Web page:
So You Want to Buy a House in Italy?

Buying real estate in Italy has become one of my favorite topics as of late. For our March issue, I wrote about the areas of Tuscany that still make good prospects for foreign buyers.

I personally have always said that if I had the money, I would buy a piece of oceanfront land or a home in Puglia. Businessweek Online seems to agree with me:

Known as Apulia in English, it’s famous for its wine, olive oil, and traditional conical-shaped stone houses called trulli. Do-it-yourselfers can buy a totally unrenovated trullo (see photo) for as little as $65,000. It is also possible to get a new three-bedroom villa with sea views and a pool for under $300,000. (Reminder to self, start saving pronto before all of the good deals are gone.)

Businessweek also tells the tale of an American who found his piece of Italian paradise in Sardinia:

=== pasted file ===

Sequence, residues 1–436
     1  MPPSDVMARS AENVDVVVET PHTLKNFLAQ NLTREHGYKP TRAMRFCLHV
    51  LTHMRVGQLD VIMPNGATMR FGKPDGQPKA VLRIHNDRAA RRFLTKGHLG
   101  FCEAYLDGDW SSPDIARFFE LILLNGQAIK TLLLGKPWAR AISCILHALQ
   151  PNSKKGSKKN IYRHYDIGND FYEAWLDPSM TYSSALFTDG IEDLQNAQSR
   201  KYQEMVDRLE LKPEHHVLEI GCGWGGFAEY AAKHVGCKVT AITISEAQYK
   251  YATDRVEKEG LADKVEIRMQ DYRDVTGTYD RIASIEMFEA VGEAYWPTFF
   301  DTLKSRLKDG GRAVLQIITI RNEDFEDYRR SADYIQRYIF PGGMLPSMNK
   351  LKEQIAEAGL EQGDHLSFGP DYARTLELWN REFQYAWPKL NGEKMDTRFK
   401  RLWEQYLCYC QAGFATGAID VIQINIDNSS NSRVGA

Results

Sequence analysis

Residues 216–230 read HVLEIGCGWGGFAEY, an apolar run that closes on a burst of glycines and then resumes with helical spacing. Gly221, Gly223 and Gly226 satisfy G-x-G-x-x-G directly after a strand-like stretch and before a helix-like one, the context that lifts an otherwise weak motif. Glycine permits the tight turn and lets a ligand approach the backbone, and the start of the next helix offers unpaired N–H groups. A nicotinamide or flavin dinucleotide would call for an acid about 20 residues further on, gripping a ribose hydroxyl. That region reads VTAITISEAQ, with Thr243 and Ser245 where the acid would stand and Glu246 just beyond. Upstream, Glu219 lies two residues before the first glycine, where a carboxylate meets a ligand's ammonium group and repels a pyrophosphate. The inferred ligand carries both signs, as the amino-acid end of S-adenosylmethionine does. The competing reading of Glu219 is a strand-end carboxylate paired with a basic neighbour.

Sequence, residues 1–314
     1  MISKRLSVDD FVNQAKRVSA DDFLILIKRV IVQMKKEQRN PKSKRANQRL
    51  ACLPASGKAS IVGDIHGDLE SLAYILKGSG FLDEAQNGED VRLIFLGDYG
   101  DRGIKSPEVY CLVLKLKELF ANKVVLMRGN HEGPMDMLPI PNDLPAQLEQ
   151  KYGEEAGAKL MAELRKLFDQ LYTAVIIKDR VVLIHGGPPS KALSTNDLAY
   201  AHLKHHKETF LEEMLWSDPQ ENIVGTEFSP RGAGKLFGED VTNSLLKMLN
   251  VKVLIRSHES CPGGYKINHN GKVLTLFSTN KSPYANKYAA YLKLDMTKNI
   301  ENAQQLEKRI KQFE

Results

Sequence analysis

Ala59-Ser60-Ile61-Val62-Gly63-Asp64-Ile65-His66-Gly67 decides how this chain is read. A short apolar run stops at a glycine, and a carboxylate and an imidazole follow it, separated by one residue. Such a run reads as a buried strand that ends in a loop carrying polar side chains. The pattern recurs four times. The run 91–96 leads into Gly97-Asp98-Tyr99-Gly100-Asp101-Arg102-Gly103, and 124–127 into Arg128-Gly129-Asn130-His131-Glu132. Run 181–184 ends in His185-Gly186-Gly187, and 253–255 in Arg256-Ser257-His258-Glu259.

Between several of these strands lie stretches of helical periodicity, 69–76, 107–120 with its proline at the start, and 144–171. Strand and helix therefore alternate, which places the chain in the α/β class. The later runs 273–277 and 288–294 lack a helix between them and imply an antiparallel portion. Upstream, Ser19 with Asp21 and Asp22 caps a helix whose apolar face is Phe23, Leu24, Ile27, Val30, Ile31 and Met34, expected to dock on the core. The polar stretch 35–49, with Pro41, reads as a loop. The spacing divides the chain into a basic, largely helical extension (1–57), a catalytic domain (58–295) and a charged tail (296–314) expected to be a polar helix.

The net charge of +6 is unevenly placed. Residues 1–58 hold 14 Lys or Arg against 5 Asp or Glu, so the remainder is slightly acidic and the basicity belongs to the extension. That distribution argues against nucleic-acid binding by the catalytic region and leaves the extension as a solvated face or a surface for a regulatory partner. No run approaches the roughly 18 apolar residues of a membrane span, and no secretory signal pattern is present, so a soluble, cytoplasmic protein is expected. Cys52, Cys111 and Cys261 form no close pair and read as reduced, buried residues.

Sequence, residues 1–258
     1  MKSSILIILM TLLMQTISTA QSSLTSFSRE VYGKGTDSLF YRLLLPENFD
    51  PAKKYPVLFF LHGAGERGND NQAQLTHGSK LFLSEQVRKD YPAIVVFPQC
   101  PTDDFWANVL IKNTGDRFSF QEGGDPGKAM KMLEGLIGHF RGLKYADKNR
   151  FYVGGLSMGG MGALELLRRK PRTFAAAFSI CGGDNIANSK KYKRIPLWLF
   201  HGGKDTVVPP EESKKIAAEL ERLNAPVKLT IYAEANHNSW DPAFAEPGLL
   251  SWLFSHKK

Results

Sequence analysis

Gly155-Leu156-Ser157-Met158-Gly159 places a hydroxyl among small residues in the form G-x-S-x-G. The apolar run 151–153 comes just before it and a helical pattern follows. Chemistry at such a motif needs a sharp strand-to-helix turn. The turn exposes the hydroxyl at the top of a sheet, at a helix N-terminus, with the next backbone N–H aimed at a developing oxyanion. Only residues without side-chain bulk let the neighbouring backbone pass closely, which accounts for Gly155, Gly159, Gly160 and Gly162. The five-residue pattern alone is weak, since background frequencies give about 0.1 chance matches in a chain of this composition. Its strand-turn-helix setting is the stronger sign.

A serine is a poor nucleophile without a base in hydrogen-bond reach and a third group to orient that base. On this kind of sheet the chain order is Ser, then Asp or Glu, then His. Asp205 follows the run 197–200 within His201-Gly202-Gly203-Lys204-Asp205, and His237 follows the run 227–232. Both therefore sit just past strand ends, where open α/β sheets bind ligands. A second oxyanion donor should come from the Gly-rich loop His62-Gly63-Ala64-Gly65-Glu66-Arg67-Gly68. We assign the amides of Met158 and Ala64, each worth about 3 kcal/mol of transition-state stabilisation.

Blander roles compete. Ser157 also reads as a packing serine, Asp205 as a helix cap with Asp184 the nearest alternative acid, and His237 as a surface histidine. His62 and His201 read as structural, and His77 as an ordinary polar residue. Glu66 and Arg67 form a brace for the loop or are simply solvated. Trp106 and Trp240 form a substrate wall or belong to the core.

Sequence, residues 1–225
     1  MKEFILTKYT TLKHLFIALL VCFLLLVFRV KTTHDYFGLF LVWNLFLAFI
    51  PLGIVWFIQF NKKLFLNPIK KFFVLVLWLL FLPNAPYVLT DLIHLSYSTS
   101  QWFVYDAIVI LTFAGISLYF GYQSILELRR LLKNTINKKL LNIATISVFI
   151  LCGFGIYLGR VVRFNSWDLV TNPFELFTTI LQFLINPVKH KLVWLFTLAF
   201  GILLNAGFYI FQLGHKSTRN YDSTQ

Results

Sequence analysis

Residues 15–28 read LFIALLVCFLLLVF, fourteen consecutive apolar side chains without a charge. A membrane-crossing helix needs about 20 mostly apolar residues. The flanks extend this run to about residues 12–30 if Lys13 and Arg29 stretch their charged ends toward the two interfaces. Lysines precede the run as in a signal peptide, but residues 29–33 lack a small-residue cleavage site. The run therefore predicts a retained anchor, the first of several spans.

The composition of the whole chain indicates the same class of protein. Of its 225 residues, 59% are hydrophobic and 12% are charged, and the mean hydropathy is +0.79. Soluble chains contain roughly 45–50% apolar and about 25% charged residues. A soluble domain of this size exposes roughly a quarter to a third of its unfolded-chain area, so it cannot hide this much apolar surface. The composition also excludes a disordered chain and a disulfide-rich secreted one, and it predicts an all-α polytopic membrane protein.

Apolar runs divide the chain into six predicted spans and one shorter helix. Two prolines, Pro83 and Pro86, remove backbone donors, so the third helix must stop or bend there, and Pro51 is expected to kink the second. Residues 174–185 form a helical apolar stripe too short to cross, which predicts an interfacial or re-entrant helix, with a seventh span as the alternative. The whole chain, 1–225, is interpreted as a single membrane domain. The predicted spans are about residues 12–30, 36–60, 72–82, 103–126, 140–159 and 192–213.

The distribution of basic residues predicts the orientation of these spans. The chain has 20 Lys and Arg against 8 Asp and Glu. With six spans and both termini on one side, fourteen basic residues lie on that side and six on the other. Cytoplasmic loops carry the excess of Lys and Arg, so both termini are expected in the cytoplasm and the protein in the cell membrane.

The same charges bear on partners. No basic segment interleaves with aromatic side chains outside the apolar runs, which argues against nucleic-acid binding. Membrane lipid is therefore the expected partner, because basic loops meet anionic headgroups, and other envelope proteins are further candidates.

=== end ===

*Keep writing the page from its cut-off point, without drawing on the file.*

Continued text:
After several vacations in Italy over the years, Randall Briggs of Baltimore was determined to spend his retirement living la dolce vita. Initially, the 41-year-old entrepreneur had his heart set on the Italian Riviera, but sky-high property prices put him off. While researching locales on the Internet, he came across, which found him a property and walked him through the buying process. “It seemed like we could get everything we liked about Italy — the culture, the scenery, and great weather — at a fraction of the price,” says Briggs. A few months later he and his wife became the owners of a $500,000, three-bedroom seafront villa in Torre delle Stelle on the southeastern tip of the island.